Jackalope Seems to be Jaunty Enough


It has not always been a bed of roses for Ubuntu, which has its share of brickbats. And yet, there is something about it that attracts users. It might be the simplicity of not having to decide between multiple editions of the same release. Ubuntu’s professional look and feel, coupled with its coherence, could be the reason. It might even be the simplified presentation of a network of technologies. Perhaps it’s a bit of all these attractions. Yet, love it or hate it, it remains one of the most popular distributions ever.

Personally, I use it because… well, I have mentioned enough reasons. And so, when version 9.04, the Jaunty Jackalope was released on April 23, I downloaded it the very same day and set about trying it on my new laptop. Here is an account of my (ongoing) experience with Jaunty.

The machine

My laptop, on which I installed Jaunty, is a Dell Inspiron 1545 with the following specs:

  • Intel Core 2 Duo 2.0 GHz processor
  • 3 GB RAM
  • 320 GB SATA hard disk
  • Integrated Intel graphics
  • 15.6-inch (39.6 cm) wide screen with a native resolution of 1366×768
  • 10/100 Mbps Ethernet port
  • Bluetooth and Wi-Fi
  • 1.3 mega-pixel Web cam

First impressions

I downloaded the 32-bit version of the live CD (which is bundled with this month’s LFY). Booting with the CD revealed the first difference from several preceding releases. The boot splash has changed, replacing the graduated progress bar with a thinner, colour-varied one. Next up, the GDM login screen has also changed, and so has the default wallpaper. Both now look much more professional than the previous ones.

The new login screen
The new login screen

The following is a list of the major goodies included this time:

  • Linux 2.6.28
  • GNOME 2.26.1
  • Firefox 3.0.8
  • OpenOffice.org 3.0.1
  • ext4 file system support (the default is still ext3)
  • Amazon EC2-compatible cloud computing support
  • A version specially designed for net books

ext4 support is one of the major changes hitting distributions these days, but there are still occasional problems like data loss and lockups, so ext3 is the default. A technology called Eucalyptus allows you to set up a cloud computing facility, but it may not be ready for full-time use yet. This time, the Ubuntu team has also created a special version of the operating system for net books.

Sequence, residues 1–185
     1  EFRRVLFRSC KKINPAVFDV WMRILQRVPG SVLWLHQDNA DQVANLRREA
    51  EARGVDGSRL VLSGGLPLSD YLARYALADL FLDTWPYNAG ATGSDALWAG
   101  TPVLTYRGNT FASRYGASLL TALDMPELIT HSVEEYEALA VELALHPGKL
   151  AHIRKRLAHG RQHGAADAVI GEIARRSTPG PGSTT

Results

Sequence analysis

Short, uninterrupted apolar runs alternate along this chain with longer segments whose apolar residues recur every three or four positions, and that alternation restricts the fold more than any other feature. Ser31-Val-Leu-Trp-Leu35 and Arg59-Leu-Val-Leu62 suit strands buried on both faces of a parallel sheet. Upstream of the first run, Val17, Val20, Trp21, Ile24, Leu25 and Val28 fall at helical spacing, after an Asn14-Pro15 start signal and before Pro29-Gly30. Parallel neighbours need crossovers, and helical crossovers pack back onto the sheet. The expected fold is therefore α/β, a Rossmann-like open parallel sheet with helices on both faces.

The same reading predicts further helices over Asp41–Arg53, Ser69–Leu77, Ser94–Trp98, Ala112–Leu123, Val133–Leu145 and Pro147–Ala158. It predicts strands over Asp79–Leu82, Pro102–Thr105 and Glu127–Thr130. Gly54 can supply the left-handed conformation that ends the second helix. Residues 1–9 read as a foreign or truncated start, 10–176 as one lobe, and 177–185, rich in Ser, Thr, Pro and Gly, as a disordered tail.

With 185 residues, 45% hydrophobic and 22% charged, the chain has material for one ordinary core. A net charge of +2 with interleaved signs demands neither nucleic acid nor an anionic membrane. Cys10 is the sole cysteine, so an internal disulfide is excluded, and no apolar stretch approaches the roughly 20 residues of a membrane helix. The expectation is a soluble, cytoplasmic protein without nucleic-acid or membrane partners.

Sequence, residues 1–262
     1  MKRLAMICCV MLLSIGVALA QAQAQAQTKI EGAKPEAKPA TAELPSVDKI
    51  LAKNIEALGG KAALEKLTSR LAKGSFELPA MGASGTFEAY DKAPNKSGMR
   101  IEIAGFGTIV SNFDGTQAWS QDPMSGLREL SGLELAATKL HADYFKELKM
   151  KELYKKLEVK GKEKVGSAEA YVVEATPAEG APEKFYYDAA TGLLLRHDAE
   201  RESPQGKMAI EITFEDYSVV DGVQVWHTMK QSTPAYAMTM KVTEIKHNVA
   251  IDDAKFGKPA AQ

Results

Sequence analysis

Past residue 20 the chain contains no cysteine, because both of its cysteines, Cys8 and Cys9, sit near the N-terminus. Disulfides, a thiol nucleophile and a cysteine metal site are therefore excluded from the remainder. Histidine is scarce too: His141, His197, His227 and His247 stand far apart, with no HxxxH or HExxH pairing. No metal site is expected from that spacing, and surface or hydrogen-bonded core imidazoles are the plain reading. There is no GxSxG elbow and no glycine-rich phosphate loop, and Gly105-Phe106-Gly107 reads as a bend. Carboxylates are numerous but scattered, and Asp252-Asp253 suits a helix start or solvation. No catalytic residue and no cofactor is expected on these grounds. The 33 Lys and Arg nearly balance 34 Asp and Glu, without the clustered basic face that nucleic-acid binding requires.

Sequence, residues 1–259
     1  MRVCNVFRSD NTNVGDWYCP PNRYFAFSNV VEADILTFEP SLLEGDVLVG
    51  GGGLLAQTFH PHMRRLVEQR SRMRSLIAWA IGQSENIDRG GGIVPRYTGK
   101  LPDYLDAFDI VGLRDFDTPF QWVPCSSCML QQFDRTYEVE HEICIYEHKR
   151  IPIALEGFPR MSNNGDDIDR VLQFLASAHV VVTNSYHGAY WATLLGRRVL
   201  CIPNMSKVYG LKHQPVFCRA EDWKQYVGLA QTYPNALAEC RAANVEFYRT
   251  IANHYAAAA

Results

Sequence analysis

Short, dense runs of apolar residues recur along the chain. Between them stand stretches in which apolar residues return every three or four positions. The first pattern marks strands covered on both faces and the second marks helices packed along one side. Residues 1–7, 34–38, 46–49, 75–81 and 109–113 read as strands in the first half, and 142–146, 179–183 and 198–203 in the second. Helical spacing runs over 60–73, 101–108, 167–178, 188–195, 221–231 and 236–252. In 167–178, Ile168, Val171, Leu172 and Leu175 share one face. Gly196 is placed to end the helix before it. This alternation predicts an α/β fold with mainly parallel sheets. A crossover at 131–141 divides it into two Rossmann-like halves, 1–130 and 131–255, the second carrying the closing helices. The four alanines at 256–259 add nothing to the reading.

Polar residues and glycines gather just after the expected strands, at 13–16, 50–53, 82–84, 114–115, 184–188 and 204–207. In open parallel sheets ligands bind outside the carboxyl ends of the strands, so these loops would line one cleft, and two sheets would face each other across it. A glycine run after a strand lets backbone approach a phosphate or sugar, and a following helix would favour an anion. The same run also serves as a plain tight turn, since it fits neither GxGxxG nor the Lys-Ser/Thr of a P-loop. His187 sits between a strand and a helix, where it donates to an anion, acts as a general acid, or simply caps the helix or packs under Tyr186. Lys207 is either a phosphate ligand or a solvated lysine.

Apart from this, Brasero is also updated, and a tool called Computer Janitor is included, which is basically a system clean-up utility, capable of removing orphan packages, for instance. The Droid font set, originally designed for mobile devices, is now available as ttf-droid in the repositories. Its sans-serif version is very clean and nice looking. You may wish to try it out as your UI font.

The Computer Janitor
The Computer Janitor

All, however, is not well as far as my laptop is concerned. I found that the in-built Bluetooth device was recognised only if it was switched on before Ubuntu booted. Even then, if I switched it off while logged in, it was not recognised after switching it on again. My old USB Bluetooth device was recognised correctly, so I decided to use that instead and, finding all else to be working correctly, I started the installation from the boot screen after a reboot.

The installer started from the boot screen through the Install Ubuntu option, which now occupies the entire screen. The installer’s time zone selector has also been changed to a nice looking flat zonal map, which makes more sense for time zones than the earlier maps. The manual partitioner also allows you to select the ext4 file system if you want. Other than a cosmetic change in the keyboard layout selector, the rest of the installer is pretty much the same.

Inside the system

As I rebooted into the newly-installed system, I noticed that the boot-up time has also decreased, and going from boot screen to login to desktop is pretty quick.

After I had logged in to the installed system, I connected to the Internet to refresh the repository cache, and here I found the new notification system working as advertised in the technical overview on the Ubuntu website. Canonical has come up with a new system to notify users on matters like network connection status changes, print job status changes, new e-mails, etc. The default balloon tips no longer appear. They have been replaced by black rectangles appearing near the top right corner of the screen.